Back in the dark days of our adolescence when the Boomer generation thrived on what’s now regarded as politically incorrect humour, I recall that far too many of the rough jokes would focus on Newfoundlanders. Later in life, a few folks from Canada’s youngest province became close friends, and they told us even better jokes.
Right now, chances are there’s a joke making the rounds about Dwight Ball, the recently-elected Liberal Premier of what we now call Newfoundland and Labrador. “Dwight, the good news is you won the election, but that’s also the bad news.” There’s absolutely nothing funny about the financial crisis on the place they call The Rock.
A decade ago, when multi-millionaire Danny Williams was Premier, Nirvana had finally arrived. After the tragedy of losing most of the fishery in the early 90’s, and several decades of almost total dependence on Employment Insurance, and other transfers from the rest of Canada, Newfoundland was suddenly a ‘Have’ province or very close to it, thanks to the riches of offshore oil.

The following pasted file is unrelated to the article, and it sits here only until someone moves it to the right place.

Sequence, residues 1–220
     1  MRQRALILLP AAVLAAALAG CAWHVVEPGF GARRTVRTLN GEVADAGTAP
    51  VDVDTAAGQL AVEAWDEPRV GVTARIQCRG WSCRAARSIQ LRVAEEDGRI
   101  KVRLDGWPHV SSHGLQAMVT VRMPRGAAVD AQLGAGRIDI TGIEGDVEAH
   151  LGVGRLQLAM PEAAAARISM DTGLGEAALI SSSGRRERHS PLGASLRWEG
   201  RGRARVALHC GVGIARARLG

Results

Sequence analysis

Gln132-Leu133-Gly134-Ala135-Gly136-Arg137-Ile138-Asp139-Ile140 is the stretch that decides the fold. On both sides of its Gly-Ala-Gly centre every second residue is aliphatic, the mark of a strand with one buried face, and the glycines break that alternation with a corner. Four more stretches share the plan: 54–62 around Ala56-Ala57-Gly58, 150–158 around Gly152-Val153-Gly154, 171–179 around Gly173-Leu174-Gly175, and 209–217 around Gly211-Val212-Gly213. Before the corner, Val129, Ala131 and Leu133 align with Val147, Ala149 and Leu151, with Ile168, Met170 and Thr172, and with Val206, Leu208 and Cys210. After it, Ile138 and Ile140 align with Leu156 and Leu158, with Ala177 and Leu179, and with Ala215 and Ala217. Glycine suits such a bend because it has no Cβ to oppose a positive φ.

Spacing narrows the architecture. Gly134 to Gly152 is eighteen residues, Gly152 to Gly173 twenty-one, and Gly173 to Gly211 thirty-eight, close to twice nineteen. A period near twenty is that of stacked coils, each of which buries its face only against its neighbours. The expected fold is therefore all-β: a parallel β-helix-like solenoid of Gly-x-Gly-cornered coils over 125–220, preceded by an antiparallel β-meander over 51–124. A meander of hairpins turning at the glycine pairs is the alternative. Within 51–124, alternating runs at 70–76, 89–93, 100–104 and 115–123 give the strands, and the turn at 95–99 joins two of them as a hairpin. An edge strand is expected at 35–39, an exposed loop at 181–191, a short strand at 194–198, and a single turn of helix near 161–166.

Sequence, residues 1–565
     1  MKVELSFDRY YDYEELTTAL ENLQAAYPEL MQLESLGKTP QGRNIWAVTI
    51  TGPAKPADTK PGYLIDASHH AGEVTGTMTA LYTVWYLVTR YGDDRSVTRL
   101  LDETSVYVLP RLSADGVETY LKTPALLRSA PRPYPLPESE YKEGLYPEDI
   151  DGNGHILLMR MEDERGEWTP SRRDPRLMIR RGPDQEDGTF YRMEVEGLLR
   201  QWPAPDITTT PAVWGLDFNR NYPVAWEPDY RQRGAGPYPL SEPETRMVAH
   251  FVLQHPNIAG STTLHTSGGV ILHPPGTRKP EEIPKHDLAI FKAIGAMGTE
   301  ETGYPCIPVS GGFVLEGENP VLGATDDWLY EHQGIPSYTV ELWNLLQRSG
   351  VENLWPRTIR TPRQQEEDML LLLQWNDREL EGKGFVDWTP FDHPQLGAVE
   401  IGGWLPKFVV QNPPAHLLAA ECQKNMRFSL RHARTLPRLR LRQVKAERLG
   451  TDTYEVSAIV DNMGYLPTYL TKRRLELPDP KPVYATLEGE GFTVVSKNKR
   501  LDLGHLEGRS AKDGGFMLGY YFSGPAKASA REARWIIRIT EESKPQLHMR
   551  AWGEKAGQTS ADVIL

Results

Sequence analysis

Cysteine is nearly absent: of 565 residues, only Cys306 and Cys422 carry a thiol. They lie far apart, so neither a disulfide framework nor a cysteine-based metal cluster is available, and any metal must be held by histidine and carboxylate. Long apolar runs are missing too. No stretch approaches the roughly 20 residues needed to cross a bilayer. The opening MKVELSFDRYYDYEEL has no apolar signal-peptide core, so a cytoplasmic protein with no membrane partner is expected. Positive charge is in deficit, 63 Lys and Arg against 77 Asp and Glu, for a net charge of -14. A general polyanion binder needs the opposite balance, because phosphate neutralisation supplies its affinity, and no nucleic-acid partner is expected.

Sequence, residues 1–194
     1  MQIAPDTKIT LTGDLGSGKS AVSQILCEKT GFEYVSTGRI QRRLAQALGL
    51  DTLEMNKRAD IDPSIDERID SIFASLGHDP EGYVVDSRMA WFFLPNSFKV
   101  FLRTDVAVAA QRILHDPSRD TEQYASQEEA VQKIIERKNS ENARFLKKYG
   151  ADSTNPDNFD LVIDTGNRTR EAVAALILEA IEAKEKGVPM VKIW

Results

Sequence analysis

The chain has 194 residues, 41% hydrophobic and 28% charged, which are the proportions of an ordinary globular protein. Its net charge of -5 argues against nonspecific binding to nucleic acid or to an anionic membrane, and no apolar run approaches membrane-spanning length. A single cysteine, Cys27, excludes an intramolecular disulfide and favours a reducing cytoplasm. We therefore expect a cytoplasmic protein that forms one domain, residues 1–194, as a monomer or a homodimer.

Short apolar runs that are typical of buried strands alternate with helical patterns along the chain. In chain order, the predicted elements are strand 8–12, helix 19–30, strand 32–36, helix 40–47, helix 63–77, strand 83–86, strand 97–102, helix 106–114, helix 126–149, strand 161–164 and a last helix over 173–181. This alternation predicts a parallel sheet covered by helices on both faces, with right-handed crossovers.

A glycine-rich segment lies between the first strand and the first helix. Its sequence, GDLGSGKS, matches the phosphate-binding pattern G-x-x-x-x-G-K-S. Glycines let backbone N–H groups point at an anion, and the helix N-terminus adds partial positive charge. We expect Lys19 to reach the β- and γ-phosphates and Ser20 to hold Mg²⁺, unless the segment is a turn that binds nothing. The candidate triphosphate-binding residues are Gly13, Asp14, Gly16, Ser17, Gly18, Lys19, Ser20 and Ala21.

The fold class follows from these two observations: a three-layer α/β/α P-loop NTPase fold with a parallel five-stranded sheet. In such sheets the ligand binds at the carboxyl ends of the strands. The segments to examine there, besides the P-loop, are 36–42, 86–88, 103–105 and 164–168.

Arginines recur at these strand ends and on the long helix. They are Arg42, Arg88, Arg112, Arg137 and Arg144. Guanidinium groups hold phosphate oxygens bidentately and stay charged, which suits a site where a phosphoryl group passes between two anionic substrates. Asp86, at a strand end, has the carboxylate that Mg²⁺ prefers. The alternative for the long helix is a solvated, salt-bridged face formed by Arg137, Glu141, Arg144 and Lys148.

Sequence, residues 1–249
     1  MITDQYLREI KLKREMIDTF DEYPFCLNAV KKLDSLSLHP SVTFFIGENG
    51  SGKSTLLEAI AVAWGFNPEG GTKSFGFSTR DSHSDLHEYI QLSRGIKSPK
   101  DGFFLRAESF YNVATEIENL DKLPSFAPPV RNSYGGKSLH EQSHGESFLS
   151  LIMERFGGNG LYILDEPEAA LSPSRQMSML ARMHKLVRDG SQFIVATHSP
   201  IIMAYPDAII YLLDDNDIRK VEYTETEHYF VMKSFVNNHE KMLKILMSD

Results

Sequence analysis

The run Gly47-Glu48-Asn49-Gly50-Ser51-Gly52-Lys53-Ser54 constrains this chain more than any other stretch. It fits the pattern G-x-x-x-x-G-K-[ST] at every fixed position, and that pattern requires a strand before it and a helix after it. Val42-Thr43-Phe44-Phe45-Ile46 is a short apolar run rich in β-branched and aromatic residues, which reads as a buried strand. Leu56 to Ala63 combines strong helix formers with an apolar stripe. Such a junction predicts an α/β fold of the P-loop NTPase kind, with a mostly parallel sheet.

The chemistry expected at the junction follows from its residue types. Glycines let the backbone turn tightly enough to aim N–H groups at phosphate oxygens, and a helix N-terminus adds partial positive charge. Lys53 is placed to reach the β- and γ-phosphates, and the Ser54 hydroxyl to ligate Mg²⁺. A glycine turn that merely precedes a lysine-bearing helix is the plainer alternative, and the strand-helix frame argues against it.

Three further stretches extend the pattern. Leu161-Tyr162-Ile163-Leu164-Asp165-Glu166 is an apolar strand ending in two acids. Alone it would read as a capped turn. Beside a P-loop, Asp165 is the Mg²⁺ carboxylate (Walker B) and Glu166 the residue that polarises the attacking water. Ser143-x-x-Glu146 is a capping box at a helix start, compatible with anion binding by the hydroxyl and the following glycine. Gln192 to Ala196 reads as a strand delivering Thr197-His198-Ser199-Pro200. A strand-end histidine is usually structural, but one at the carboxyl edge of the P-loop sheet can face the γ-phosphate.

Many of the people who took the ferry to the mainland in the 70’s and 80’s and headed west in search of a decent living were coming home to cash in on the better life that resulted from oil that was selling for $100 a barrel or more. But Nirvana was destined to not last very long.
The economy of Newfoundland shrank by 3.5% last year, and chances are it will shrink by a similar amount this year. The government of Premier Ball has responded with a budget that will jack up the costs of every single service that the province offers. It is truly scary, but the scariest part is the fact that there won’t likely be any light at the end of the tunnel for a long long time, if ever.
Sadly also, gone are the days, at least for now, when a young Newfy could head out to Saskatchewan or Alberta to find a paycheque. Like Justin Trudeau is fond of saying, “It’s 2016.”
I’m Roger Currie